For me, buying herbs at the store invariably conflicts with one of two fundamental chinese grandma principles: 1) be frugal or 2) don’t waste. Fresh herbs either come in a preciously tiny package that seems needlessly overpriced or in a huge bunch that never gets used up before it becomes a slimy mess in the fridge. But the food lover in me is always tempted by their fresh, aromatic greenness.
An herb garden always seemed to me the perfect economical fantasy solution: grow what you need, use what you need. But I recognized myself in the title of a book I saw at the library the other day: The $64 Tomato: How One Man Nearly Lost His Sanity, Spent a Fortune, and Endured an Existential Crisis in the Quest for the Perfect Garden. I’m a gardening ninny, and store-bought herbs are a bargain for me at any price.
Feeling bold, I went out and bought some cilantro.
A couple of days later, anxious to avoid the slimy-bag scenario, my dinner plan began with the herb. I considered going Asian – cilantro, also known as Chinese parsley, is often used in Chinese, Thai and Vietnamese dishes. But with guacamole, salsa and corn tortillas in the fridge, I decided to go Mexican.
Shrimp seemed like the perfect warm-weather taco base for a sweltering day: light-tasting and cooks with barely a breath of heat. I tossed in a generous handful of chopped cilantro, halved sweet grape tomatoes and a squeeze of lemon, and dinner was ready.
For the cilantro haters among you, slivered scallions, shallots or sweet onions would make a great substitute.
Here’s the quick walkthrough:
Toss some frozen shrimp in a bowl of cold water to defrost. (The New York Times just had an interesting piece about defrosting meat in a hot water bath – good to know.)
Doesn’t take long – maybe 10-15 minutes. I think it’s interesting that ice forms as the shrimp thaws, in some kind of freezing-temperature transference. Drain off water and break any ice off the thawed shrimp.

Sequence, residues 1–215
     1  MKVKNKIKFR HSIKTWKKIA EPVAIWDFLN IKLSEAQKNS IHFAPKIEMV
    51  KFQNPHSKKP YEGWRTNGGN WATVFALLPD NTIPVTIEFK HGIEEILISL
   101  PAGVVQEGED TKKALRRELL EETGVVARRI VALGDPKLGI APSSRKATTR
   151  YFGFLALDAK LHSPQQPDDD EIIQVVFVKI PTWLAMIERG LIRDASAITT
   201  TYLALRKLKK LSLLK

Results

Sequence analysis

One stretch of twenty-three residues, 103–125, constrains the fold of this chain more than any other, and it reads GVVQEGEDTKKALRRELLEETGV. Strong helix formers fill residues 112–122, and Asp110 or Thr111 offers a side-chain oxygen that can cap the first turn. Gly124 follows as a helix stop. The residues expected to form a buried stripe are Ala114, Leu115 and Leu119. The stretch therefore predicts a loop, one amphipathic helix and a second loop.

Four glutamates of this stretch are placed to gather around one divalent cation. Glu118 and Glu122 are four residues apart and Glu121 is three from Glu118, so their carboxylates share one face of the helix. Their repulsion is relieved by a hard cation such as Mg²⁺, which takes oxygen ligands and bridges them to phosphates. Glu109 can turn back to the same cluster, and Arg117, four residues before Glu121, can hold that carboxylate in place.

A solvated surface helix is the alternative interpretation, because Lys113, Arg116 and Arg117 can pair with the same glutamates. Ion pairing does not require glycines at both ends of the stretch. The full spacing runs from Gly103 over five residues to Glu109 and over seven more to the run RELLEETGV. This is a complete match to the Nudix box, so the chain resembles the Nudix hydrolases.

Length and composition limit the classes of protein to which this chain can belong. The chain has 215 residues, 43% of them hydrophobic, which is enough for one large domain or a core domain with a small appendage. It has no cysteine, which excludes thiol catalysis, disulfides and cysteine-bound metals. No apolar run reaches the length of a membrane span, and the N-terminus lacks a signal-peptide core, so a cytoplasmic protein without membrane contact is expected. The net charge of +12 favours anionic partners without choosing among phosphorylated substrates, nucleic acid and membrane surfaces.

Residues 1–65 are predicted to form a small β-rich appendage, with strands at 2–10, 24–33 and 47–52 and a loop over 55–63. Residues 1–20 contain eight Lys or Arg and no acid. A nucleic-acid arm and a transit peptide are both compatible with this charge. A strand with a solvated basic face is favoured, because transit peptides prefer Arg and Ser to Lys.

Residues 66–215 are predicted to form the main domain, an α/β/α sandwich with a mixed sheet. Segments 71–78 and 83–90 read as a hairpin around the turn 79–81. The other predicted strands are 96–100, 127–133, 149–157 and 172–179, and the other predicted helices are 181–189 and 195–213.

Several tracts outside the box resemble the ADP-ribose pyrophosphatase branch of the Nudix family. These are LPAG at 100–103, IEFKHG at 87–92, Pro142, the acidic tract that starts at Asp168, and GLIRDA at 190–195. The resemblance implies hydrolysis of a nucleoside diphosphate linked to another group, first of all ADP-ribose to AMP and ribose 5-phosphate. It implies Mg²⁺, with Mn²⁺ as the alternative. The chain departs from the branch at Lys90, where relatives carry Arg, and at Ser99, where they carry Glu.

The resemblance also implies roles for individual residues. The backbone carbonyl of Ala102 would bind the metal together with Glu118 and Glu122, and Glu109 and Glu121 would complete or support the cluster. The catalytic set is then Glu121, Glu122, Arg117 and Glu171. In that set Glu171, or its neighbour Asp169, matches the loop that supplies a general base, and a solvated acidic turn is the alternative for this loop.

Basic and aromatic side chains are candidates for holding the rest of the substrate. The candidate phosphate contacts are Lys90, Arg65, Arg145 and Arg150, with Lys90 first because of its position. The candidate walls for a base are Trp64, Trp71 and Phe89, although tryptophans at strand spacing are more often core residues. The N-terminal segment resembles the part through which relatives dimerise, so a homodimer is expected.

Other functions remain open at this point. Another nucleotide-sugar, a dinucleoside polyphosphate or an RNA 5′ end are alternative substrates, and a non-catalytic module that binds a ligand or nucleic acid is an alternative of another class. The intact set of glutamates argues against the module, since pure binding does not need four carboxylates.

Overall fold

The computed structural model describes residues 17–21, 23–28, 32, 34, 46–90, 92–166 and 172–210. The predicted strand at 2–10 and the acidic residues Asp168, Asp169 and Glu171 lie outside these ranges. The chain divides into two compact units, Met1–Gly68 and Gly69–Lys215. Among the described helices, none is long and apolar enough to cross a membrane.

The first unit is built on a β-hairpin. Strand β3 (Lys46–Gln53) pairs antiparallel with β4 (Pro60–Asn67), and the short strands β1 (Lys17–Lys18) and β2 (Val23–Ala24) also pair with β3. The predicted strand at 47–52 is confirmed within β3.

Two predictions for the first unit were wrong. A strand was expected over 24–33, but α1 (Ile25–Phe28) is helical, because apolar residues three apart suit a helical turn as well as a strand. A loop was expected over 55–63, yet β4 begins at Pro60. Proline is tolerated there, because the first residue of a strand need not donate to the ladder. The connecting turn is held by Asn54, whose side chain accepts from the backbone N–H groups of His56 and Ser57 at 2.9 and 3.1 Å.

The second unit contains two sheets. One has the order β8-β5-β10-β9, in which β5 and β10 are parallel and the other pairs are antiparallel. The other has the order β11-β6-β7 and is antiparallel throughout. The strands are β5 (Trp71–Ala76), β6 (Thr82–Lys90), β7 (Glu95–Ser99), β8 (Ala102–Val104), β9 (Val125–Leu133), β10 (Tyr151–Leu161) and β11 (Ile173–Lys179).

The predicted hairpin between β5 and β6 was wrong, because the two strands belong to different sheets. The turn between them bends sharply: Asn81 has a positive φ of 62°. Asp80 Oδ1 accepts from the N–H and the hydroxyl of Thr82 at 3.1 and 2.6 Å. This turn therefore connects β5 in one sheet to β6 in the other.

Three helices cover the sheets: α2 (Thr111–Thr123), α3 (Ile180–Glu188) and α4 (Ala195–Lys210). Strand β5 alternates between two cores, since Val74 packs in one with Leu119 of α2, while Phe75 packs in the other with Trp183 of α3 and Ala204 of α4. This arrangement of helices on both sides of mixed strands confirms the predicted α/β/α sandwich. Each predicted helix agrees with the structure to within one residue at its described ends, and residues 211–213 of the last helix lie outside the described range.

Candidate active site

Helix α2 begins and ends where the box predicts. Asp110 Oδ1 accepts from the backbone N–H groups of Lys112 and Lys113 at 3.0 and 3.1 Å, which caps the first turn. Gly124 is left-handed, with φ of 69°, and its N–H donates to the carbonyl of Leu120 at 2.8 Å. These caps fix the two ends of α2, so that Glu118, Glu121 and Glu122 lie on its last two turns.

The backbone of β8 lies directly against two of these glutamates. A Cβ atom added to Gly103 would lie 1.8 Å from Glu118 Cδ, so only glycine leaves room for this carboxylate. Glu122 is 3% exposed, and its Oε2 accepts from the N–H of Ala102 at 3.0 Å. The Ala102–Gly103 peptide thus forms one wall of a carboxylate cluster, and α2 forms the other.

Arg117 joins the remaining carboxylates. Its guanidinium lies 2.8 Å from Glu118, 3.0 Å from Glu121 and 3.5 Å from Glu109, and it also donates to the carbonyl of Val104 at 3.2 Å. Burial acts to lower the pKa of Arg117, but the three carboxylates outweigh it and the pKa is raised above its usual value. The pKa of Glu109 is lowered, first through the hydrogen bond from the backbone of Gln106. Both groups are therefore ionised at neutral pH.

Pinch off the tails at the very base of the shrimp so that you get the bit of shrimp meat encased by the tail.
Chop the shrimp into bite-sized pieces.
Olive oil and minced garlic in a skillet (onions are good too if you don’t have garlic on hand).
And in with the shrimp.
The shrimp turns opaque immediately and only takes a minute or two to cook to pink.
Remove immediately with slotted spoon, as overcooked shrimp gets dry. The remaining cooking juices are very flavorful, but too much liquid in your taco filling will make for soggy tacos. If you have a good amount of pan juice and don’t want to waste it, you can reduce it after you remove the shrimp with a few seconds of high heat and add the concentrated liquid to the shrimp.
Add cilantro and tomatoes.
Drizzle of olive oil and squeeze of lemon.
Serve with guacamole, salsa and warmed tortillas and let everyone serve themselves.
A sprinkle of queso fresco or feta is nice too.
Fast, fresh and easy – I think I’m already over my inner herb conflict. This may be an herbalicious summer.
Shrimp Tacos with Tomato and Cilantro
A light, colorful summer meal that requires only a brief amount of heat in the kitchen.
- 1 1/2 lb raw medium shrimp, peeled and deveined
- 12 ounces grape tomatoes, halved
- 1/2 cup cilantro, coarsely chopped
- 1-2 cloves garlic, minced
- Extra virgin olive oil
- 1/2 medium lemon
- Guacamole, or one large avocado
- Queso fresco or feta cheese, optional
- Corn tortillas
- Remove tails from shrimp by pinching where the very bottom tip of the shrimp meat sits in the tail and pulling the shrimp out. This way you can easily release the shrimp meat that is encased in the tail.
- Chop shrimp into 1/2-inch pieces.
- Halve tomatoes, chop cilantro and mince garlic.
- Heat olive oil on medium heat in skillet. Add minced garlic and stir briefly for a few seconds until it starts to brown. Add shrimp and stir occasionally to turn pieces over. The shrimp will get dry if overcooked, so cook until just done – pink and plump. Use a slotted spoon to remove shrimp to a large bowl. (The remaining cooking juices from the shrimp are very flavorful, but too much liquid in your taco filling will make for soggy tacos. If you have a good amount of pan juice and don’t want to waste it, you can reduce it after you remove the shrimp with a few seconds of high heat and add the bit of reduced liquid to the shrimp.)
- Add tomatoes, cilantro, juice of 1/2 a lemon and a generous drizzle of olive oil. Season with salt and pepper to taste.
- Warm corn tortillas for a few seconds in microwave or with a brief turn on a warm skillet. Wrap tortillas in a clean dishcloth to keep warm.
- Serve tacos with guacamole, salsa and cheese.
- For the cilantro-averse, feel free to substitute slivered scallions, shallots or sweet onions.
- Sliced or diced avocado on top would be a good substitute for guacamole.
- For a bit of heat, add minced jalapeÃ±o or a sprinkle of cayenne pepper.
- If you don’t have garlic to cook with the shrimp, onions are good too.
Here’s the link to a printable version.
This work is licensed under a Creative Commons Attribution 4.0 International License.